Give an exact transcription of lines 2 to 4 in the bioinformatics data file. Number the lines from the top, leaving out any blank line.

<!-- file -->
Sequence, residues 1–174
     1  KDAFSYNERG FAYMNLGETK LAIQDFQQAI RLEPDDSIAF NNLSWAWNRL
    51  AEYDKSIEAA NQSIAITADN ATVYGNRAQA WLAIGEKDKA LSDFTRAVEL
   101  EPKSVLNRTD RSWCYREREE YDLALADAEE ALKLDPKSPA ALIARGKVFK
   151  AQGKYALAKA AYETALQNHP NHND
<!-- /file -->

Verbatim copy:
     1  KDAFSYNERG FAYMNLGETK LAIQDFQQAI RLEPDDSIAF NNLSWAWNRL
    51  AEYDKSIEAA NQSIAITADN ATVYGNRAQA WLAIGEKDKA LSDFTRAVEL
   101  EPKSVLNRTD RSWCYREREE YDLALADAEE ALKLDPKSPA ALIARGKVFK